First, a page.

The concept of book-hawkers perhaps would be absolutely in sync with a city like Kolkata which has an entire 1.5km stretch devoted to the cause of books and aficionados of books. Not only the famous ‘College Para’ as Bengalis call it, localities in south Kolkata such as Golpark too are well-known for having sprawling stretches of footpaths covered with books. The prime attraction of these book-lovers’ havens is the sizable quantities available at inconceivably cheap prices. It would be a little unusual to find one such bookstall at a remote outer fringe of the city like the still developing Eastern Metropolitan Bypass.
Though the conspicuously coloured large banner stands out, the lone stall peeping out from a small breadth of construction space can stand to be pretty evasive to the eyes of passersby. Not only is the fact unusual that of all kinds of businesses to flourish along the borders of a sparsely populated bypass were to pop out a shop selling books, but also that the sale of books in this shop is not at all inspired by the motif of garnering monetary profit.
For the owner and builder of this space, it is the idea of catering to the reading interests of the present generation, one that is steadily shifting its interest from reading onto more occupying virtual pursuits, at really affordable prices. The stall sells books worth a kilogram at a price of two hundred. Says owner Ramesh Tiwary, “I have been an ardent lover of books since childhood. So it was my intention to provide books that cost four or five hundred at ordinary stores at far lesser prices. I wanted to attract young people back to the world of reading by making the activity a lot less money-bound.”
About two or three years back when the stall first opened, the shelves were mainly filled with the standard stock of literary classics or popular fiction, crime thrillers and the like. The collection was pretty clichéd though the bargain was pretty attractive: about three or four five hundred page books to be swamped in a go only at the cost of two hundred rupee notes.
Now as time has passed and more people have come to know about the shop, the collections on the shelves have evolved themselves manifold. From P.D. James to James Joyce, Jane Austen to J.K. Rowling, the shelves of paperback as well as hardback fictions would surprise one with its variety. Exploring the collections, though not structurally organised can prove to be quite an exciting venture. For just to the right of a book on Karl Marx’s life and philosophy one would find a fat thousand page rendering of the history of Israel and a simplified interpretation of Shakespeare’s plays to the left.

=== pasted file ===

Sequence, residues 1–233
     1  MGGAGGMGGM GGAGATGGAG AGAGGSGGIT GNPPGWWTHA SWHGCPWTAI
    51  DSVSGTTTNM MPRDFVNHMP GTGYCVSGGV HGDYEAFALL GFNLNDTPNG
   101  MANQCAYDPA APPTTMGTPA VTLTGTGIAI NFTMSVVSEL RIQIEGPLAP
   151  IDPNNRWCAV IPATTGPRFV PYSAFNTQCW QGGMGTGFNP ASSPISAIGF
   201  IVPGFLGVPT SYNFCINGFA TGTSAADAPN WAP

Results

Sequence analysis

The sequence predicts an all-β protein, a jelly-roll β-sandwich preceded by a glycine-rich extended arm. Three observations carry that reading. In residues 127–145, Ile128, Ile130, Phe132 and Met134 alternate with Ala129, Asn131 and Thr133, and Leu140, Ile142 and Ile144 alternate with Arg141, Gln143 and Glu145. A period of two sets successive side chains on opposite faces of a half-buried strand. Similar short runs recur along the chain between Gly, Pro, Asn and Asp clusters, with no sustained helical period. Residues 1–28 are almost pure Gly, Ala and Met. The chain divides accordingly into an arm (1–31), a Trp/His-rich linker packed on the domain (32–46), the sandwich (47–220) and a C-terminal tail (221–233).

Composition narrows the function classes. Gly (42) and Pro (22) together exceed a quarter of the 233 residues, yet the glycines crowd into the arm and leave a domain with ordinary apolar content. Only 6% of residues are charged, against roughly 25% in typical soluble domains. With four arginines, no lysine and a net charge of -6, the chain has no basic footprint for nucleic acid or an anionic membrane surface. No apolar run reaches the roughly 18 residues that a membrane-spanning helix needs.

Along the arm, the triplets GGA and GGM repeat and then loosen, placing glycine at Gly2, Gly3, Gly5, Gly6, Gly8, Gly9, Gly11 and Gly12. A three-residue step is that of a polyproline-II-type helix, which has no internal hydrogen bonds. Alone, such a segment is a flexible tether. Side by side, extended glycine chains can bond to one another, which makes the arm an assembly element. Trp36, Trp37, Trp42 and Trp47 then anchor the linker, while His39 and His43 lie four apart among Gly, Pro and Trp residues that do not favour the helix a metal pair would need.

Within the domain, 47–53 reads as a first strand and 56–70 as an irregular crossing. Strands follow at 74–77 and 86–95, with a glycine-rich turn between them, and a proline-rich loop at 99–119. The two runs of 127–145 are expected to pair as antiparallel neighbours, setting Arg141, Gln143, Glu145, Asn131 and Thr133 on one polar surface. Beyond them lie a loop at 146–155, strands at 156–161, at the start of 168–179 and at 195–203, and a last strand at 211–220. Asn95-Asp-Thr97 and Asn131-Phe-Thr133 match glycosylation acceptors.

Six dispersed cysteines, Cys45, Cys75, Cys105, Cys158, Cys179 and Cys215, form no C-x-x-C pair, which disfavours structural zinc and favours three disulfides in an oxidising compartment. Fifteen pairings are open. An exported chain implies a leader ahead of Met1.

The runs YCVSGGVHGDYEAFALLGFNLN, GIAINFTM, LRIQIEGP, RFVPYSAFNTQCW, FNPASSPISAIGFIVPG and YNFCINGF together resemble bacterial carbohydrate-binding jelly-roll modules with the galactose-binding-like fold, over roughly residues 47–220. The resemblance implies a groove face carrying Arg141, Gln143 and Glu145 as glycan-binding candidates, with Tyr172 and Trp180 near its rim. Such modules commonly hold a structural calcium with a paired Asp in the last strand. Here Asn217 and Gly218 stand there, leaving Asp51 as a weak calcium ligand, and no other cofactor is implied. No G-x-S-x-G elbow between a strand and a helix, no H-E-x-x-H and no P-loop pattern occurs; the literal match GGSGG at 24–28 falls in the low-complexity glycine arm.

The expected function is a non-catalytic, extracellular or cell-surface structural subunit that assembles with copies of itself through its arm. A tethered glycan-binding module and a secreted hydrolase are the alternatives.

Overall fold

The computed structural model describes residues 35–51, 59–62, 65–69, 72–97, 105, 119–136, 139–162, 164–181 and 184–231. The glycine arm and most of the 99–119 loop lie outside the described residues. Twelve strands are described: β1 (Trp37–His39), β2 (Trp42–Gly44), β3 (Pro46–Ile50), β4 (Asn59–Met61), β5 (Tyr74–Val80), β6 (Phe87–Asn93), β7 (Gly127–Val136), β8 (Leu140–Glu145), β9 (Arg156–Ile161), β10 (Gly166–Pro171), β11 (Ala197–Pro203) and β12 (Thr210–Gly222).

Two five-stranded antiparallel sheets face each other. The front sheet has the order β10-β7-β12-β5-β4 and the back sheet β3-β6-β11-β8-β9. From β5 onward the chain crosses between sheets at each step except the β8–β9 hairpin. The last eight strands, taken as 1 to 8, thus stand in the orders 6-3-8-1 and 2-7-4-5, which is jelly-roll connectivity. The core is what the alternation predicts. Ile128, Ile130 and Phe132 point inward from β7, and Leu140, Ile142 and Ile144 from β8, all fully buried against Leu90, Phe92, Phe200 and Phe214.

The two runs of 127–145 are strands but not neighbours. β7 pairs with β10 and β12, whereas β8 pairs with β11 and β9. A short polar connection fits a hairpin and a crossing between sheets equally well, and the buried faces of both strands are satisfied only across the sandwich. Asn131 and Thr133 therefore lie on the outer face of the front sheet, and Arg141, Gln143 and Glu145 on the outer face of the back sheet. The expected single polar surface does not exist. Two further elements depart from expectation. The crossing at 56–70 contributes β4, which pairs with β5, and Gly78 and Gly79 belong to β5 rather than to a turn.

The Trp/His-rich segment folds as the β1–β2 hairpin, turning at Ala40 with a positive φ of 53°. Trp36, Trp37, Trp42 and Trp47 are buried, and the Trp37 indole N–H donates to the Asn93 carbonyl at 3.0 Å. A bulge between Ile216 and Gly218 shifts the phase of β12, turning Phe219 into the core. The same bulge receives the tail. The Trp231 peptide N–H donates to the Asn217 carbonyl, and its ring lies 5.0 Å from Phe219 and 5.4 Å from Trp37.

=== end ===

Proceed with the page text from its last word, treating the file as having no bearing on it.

On the shelves showcasing the newer collection which do not sell by weight but have 20 percent discount applicable, a huge collection of all the Tintin comics is sure to catch one’s immediate attention. Right beside it, to one’s absolute amazement can be seen small fifty page booklets accounting short episodes from Greek mythology like instances of King Caligula’s madness or Icarus’s fall from the sky.
“But do customers frequent this isolated spot quite enough?” – was received with a warmly stretched monosyllabic affirmative from one of the shop attendants who was spoken to. “About 12-15 customers visit us each day on an average. Students from Jadavpur University that is quite close by frequent our shop quite often. Often we receive customers who take books weighing 10-15 kg”, a smiling Raju Baidya who has been working t the shop since it first opened comments.
With entrepreneurs such as these, the literary culture of Kolkata feared to be fizzling out steadily, is sure to be revived and reinstated.
Photographs: Samriddha Dutta